Sand Dunes, Cape Cod
A watercolor specialist for virtually his entire career, the Boston artist Dodge MacKnight pushed the medium’s potential for high-key color and the summary description of form in transparent washes. Brilliant, airy landscapes like this one were highly prized by his primary audience in Boston—a public that by 1900 was exceptionally receptive to the progressive Impressionist aesthetic. In the eyes of his admirers, MacKnight was no less than an equal to the revered John Singer Sargent.
Transparent watercolor with touches of opaque watercolor over graphite on white, moderately thick, rough-textured wove paper
17 1/4 x 24 1/16 in. (43.8 x 61.1 cm) (show scale)
The paper's watermark: "IN ENGLAND / UNBLEACHED ARNO"
Signed lower right: "Dodge Macknight"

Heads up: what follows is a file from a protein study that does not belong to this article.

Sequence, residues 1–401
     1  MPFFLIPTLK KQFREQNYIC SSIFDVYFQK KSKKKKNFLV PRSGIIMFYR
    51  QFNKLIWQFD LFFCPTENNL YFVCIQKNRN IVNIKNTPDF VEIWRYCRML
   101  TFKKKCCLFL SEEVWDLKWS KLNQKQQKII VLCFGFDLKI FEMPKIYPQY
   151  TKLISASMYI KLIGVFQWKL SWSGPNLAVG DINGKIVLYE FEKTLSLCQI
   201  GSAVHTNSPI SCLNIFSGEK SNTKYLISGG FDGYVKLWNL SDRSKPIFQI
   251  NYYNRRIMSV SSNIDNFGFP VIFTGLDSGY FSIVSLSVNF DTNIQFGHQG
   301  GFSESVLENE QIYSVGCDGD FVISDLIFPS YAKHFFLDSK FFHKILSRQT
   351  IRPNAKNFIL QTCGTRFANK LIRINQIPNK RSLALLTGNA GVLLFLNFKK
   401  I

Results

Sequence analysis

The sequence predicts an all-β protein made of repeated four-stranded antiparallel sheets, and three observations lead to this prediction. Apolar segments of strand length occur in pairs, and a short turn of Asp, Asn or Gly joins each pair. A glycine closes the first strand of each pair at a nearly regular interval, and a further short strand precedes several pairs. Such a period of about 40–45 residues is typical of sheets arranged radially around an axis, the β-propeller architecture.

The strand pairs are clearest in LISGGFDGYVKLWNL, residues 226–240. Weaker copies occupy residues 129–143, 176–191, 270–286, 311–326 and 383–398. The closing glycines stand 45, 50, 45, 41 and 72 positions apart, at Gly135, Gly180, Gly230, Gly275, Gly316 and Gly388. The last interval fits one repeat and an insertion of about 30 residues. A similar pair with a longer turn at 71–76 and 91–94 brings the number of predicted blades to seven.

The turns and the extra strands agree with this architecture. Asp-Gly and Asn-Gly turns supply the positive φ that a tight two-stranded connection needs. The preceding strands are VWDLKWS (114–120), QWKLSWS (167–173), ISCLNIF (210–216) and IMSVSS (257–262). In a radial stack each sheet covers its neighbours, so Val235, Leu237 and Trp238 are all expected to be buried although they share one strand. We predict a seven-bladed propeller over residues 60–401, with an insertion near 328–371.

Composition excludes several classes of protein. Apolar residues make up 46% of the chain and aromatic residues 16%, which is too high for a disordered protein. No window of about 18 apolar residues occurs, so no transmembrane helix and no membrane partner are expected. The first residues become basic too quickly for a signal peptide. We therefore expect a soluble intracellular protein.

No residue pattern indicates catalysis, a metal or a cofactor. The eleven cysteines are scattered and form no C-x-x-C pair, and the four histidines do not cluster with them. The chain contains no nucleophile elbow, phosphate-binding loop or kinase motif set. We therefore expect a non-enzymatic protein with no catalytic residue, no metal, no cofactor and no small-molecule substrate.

Frank Sherman Benson Fund and Frederick Loeser Fund
This item is not on view
Dodge MacKnight (American, 1860-1950). Sand Dunes, Cape Cod, before 1921. Transparent watercolor with touches of opaque watercolor over graphite on white, moderately thick, rough-textured wove paper, 17 1/4 x 24 1/16 in. (43.8 x 61.1 cm). Brooklyn Museum, Frank Sherman Benson Fund and Frederick Loeser Fund, 22.57 (Photo: Brooklyn Museum, 22.57.jpg)
overall, 22.57.jpg. Brooklyn Museum photograph
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